Chinese firm keen on Nautilus wind turbine
Rainier Allan Ronda (The Philippine Star) - September 20, 2018 - 12:00am

MANILA, Philippines — A Chinese group is seriously interested in the revolutionary wind turbine dubbed “Nautilus” of retired general Victor Corpus.

Corpus was recently on a one-week visit to China, where he engaged in talks with a Chinese state-owned equipment firm regarding a collaboration for the development of his Nautilus vertical wind turbine invention.

In an earlier interview, Corpus told The STAR that the Chinese firm had initially expressed serious interest in his invention when he went to China last August as part of a delegation from the Cagayan Economic Zone Authority led by its administrator Raul Lambino. Corpuz is a consultant at the CEZA.

Corpus said the Nautilus happened to be mentioned by the CEZA people in one of the gatherings with a group of Chinese executives, and there was keen interest in it. He was asked to make a presentation, after which a representative of a Chinese firm approached him to exchange contact details.

The Department of Science and Technology (DOST) is currently extending technical and funding assistance to Corpus to help him develop a commercial scale prototype of the Nautilus.

The department, through the DOST-National Capital Region headed by its director, engineer Jose Patalinjug III, had tapped De La Salle University-Manila and the Technological University of the Philippines in the prototype development effort, for which a P1-million funding assistance was allocated.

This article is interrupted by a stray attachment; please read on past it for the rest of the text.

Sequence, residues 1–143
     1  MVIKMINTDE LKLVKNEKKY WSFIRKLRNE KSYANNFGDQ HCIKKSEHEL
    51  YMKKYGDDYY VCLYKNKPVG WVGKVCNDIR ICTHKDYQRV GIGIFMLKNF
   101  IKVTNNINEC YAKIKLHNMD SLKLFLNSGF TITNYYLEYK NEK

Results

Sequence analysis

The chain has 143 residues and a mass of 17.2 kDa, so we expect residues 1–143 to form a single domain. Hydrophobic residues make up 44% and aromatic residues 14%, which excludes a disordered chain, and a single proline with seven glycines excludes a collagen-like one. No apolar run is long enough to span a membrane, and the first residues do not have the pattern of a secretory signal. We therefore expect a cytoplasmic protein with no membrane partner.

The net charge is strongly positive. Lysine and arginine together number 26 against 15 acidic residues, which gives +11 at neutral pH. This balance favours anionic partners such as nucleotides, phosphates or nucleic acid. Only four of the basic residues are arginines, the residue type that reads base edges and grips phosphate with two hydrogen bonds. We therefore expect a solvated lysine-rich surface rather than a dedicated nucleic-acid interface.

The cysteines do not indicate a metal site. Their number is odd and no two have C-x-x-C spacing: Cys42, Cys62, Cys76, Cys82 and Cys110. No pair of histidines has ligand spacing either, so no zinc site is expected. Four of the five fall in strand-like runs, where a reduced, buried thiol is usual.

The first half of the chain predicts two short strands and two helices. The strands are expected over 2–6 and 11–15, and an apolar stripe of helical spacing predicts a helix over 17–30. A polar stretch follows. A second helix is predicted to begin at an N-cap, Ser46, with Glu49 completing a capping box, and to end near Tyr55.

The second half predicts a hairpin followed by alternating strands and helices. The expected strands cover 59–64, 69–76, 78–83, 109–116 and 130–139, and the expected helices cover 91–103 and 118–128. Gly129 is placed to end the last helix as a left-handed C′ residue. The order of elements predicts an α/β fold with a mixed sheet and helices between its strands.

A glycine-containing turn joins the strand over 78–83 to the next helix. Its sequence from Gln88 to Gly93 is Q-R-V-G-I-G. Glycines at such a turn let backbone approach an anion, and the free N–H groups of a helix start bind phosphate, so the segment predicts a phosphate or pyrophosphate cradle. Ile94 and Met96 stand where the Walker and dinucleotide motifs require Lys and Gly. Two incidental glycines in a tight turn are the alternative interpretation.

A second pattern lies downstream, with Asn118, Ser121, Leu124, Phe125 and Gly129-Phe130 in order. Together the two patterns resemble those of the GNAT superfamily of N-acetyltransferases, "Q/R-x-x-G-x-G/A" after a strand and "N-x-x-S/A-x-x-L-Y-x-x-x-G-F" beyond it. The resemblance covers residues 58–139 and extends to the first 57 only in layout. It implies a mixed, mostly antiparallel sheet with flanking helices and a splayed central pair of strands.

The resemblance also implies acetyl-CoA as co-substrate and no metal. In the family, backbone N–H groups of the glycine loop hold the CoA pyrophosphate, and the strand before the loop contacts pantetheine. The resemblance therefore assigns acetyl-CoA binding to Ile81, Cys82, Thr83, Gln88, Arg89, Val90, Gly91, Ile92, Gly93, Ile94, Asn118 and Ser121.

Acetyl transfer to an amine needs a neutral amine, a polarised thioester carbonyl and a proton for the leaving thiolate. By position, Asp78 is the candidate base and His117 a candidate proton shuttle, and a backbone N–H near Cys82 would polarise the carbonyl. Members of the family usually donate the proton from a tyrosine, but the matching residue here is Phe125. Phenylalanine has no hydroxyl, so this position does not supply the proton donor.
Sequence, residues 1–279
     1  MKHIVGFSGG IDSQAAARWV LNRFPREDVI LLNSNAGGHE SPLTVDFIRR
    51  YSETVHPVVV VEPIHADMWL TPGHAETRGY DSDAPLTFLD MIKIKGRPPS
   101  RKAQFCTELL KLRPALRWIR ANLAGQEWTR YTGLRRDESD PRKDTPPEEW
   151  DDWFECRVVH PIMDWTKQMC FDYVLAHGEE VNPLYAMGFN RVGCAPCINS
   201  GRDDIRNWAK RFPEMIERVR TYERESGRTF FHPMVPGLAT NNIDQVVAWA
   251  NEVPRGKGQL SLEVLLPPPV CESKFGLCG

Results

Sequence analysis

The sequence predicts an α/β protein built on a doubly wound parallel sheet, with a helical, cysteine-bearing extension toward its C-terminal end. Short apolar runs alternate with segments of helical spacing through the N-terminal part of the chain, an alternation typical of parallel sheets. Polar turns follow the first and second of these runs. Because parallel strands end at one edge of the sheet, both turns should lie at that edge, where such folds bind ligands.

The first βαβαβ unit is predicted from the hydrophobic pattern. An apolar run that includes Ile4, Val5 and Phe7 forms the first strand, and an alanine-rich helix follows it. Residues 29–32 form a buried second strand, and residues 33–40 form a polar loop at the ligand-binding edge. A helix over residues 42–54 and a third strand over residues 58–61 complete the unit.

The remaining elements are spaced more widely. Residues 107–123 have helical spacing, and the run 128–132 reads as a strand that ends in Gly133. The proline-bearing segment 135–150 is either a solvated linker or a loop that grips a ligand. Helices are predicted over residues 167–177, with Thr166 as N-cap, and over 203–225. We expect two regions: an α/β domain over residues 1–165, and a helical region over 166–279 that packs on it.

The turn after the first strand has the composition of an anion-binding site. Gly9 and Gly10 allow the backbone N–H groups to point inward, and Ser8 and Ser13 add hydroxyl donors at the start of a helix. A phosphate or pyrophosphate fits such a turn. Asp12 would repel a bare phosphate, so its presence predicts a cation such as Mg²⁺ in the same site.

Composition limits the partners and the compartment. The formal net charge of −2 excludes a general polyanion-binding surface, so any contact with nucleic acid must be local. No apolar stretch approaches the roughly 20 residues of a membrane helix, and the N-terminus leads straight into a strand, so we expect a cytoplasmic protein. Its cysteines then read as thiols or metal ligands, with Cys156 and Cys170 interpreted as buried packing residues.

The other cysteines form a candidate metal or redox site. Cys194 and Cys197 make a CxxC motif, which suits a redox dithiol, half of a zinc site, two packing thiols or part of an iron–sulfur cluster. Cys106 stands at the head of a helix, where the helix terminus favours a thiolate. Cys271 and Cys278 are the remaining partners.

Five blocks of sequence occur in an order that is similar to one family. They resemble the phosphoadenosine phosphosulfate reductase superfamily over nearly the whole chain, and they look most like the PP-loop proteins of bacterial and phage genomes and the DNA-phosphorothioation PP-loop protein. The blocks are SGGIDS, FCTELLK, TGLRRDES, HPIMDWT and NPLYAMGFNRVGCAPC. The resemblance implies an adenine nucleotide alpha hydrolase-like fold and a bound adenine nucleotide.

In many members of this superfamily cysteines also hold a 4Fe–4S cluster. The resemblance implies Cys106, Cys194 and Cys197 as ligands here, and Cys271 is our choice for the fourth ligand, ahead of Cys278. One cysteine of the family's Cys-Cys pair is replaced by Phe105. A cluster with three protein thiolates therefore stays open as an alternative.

Francisco Pagayon, president of the Filipino Inventors Society Producers Cooperative (FISPC) where Corpus is an active member, said that while there were definitely intellectual property concerns on Corpus presenting his Nautilus turbine concept to a Chinese audience, there were real benefits to a collaboration when marketed on a commercial scale.

“It can be mass-produced in China in a short period of time and you will have no problem with manufacturing capabilities. Of course, it’s preferable if a Filipino-invented technology can be manufactured here so we can generate local employment and develop capability to manufacture such equipment here in our country,” Pagayon told The STAR.

Pagayon pointed out that Corpus was in a hurry to develop and bring to market the Nautilus technology, since the retired general was not getting younger at 73 years of age.

Corpus earlier described the Nautilus design as a vertical axis wind turbine that solved the technical flaws of both the horizontal axis wind turbine – the technology behind the giant windmills seen in wind farms all over the world – as well as the standard vertical axis wind turbine long considered not viable for commercial wind energy generation.

The Nautilus wind turbine basically has an enclosing structure that makes use of the principle of “weirs” built in rivers to redirect water flow either for hydropower or to trap fish, to achieve multiple maximum areas of “wind” attack to generate energy.

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